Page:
Arming the European Union?


By Wendela de Vries

Secure societies – Protecting freedom and security of Europe and its citizens.”

Last year, the powerful DG Trade and Enterprise of the European Commission published a study on the European arms industry. The 'strategy for a stronger and more competitive European defence industry' stresses the need for a strong European arms industry, not only to provide security but first and foremost because the Commission considers the arms industry a great technological innovator and employment generator. According to the Commission, military research should be stimulated with EU money, and export regulation (“unnecessary red tape”) should be kept to a minimum. There was even the proposal to use the Commission as 'launching costumer' for new military products. When reading this Communication one can only conclude that the lobby of the European defence industry – by organisations like AeroSpace and Defence Industries Association of Europe - has been very effective.

The claim of the Commission, that the defence industry strongly contributes to innovation and jobs, is based on figures from the industry itself. Other figures, based on scientific research, do not show evidence of the military industry as a economic motor. The spin-off effect of the last century, when military technology brought innovation to civil technology, is in this digital age replaced by the use of more generic technologies as the basis for both civil and military products.

Apparently the Commission is aware of this; it stresses the importance of dual use technology. The EU has set aside 3.8 billion euros over the coming seven years for research into dual use (products with both a military and a civil application), under the Horizon 2020 'Secure Societies' program. There is also a stimulation program especially for the defence and dual use sector, to help them to make better use of Regional Structural Funds.

When the Communication was published, hopes were high with some in Brussels that this would be a breakthrough for a European military and arms industry policy. The European Parliament subcommittee on Security and Defence called for making “the EU a relevant global actor and security provider with real strategic autonomy”. But before the EU defence summit took place in December 2013 it was clear that EU member states had no intention to hand over any power over military and arms industry to Brussels. The foreign and defence interests of European countries are simply too far apart and often even contradictory. However, member states did recognize a need to 'fill gaps' in the EU defence capacity. Notably, during the Libya war, there was frustration within European armed forces that they were dependent on the US for some capacities. As a result, one of the outcomes of the defence summit was to task the European Defence Agency EDA, a body under High Representative for Foreign Affairs and Security Policy Catherine Ashton, with four capability programmes in the fields of air-to-air refuelling, remotely piloted aircraft systems (commonly known as drones), satellite communication, and cyber defence, where Europe feels it is lagging behind.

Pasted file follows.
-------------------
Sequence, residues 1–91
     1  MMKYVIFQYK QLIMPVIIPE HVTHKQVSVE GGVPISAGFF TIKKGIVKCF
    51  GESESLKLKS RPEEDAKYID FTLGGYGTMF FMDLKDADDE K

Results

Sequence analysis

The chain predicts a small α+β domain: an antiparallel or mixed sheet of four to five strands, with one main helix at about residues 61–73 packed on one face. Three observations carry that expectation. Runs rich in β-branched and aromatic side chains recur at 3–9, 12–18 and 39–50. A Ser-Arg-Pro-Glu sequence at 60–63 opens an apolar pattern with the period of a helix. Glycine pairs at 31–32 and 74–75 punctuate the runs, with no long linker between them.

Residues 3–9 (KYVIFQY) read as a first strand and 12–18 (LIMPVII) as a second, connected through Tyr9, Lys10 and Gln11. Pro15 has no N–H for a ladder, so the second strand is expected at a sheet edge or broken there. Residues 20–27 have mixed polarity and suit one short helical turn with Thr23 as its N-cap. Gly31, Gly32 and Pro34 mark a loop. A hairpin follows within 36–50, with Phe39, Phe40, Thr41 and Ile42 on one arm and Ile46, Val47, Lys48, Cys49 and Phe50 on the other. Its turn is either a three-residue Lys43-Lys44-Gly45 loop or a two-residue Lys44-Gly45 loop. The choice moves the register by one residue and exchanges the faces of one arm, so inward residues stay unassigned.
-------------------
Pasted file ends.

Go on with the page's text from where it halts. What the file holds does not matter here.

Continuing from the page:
Meanwhile, peace activists protested against the defence activities of the EU, with Belgian peace groups Vredesactie and Agir pour la Paix taking the lead. During the defence summit, they cheered up the boring bureaucratic Brussels bubble with street theater, banner drops and a blockade of the posh EDA conference "European Defence Matters". The defence lobbyists and pro-military MEP's had to wade through a pool of (fake) blood before they could enter their conference building.

On occasion of the European Parliament elections Belgian, British and Dutch peace groups published a report on the voting behaviour of Members of the European Parliament on issues such as drones, military research and the pollution of the development aid budget by spending on military missions. The European Network Against Arms Trade ENAAT published a commentary on the annual EU arms export report, based on the research of the Italian peace group Rete Italiana per il Disarmo. ENAAT also runs a database on European arms export figures, where exports – as reported by governments – can be searched on weapon type, export destination and exporting country.

As the European Council intends to hold regular defence summits in coming years, there will be lots of decisive moments where we need to make our voices heard in Brussels. The military conflict in the Ukraine will be used as a new argument for the increase of military budgets and EU support for arms industry research. Already the Commission is preparing a proposal to make the arms industry directly fundable from the EU research fund Horizon 2020, where it is now limited to what is called 'security research'.

The defence industry has a very strong lobby with the European Commission and wants money and contracts. At a EDA conference in March a representative of arms company Airbus (former EADS) declared that concrete programs with additional budgets are necessary. “Research and development is only worthwhile if we have the ambition to build the next generation of products.”

Wendela de Vries is coordinator of Stop Wapenhandel / Stop Arms Trade

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